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WTO: open public services to market

The Observer   Sunday October 13, 2002

by Nick Mathiason

The World Trade Organisation and big business are demanding the sweeping liberalisation of Britain's public services, new government documents reveal.

Sensitive areas that multinationals are keen to break into include the health and education sectors.

A government consultation report released last week says the UK faces demands to 'remove all establishment restrictions on hospital and social services, rest, convalescent and old people's homes'.

Other demands include the removal of distinctions between postal and courier services and calls for Britain to end subsidies to broadcasting organisations. This could have massive implications for the BBC.

Details of demands by overseas countries emerged last Thursday, when the government published an update on progress towards a new WTO Treaty - the General Agreement of Trade in Services (Gats). Under Gats countries will be forced to open up their services to overseas companies. If they refuse, final authority will rest with the Gats Disputes Panel, which will determine whether national law or regulation is 'more burdensome than necessary'.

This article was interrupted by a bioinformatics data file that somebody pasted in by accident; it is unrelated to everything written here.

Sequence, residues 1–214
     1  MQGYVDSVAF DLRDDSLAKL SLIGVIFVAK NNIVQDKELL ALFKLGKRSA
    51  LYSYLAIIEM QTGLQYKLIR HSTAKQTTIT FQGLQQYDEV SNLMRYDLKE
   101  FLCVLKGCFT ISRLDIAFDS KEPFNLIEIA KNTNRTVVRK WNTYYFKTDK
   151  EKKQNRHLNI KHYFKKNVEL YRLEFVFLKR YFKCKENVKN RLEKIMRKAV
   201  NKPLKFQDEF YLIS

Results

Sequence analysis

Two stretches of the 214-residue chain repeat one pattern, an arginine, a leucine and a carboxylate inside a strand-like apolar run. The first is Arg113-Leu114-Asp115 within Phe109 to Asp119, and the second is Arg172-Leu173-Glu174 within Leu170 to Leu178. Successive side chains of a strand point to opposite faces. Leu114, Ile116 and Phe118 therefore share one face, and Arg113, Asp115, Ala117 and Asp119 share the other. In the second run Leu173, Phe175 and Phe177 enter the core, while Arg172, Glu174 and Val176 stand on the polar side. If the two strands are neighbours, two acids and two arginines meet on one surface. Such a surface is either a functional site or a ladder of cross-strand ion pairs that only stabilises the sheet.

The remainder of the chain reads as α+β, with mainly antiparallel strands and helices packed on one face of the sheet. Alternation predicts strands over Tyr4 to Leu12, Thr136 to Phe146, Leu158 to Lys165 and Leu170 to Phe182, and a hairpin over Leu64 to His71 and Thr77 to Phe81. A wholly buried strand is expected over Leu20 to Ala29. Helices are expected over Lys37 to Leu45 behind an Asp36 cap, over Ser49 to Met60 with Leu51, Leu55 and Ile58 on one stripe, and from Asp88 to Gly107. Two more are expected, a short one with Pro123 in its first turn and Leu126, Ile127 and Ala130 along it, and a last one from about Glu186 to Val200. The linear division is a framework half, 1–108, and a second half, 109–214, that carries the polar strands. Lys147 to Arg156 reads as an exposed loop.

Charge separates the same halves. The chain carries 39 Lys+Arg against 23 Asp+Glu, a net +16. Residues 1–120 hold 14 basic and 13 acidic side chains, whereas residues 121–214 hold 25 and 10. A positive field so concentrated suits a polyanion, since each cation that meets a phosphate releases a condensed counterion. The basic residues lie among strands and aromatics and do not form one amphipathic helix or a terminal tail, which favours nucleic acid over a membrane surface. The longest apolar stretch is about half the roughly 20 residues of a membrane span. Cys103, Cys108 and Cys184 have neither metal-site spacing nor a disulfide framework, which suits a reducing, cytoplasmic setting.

There are growing concerns that Gats will lead to the full-scale privatisation of public monopolies across the world. Barry Coates, director of the World Development Movement, said: 'Decisions now on public services in many cases are guided by active public debate.

'This can change policy. Look at Railtrack. But under Gats, commitments are irrevocable. Countries will be locked in, which is incompatible with democracy.'

Howard Catton, senior policy adviser at the Royal College of Nursing, said: 'If services are opened up so that the private sector can provide them, that means the NHS may look at what it provides and the implications this has for risk pooling and the principles behind the NHS come into question.'

Formal offers for liberalisation between countries will begin in March next year. Organisations have until January to submit responses to the Department of Trade and Industry.

The treaty covers all services from water, energy, telecoms to financial,

The services sector contributes 70 per cent of the Gross Domestic Product and employs 23 million people.

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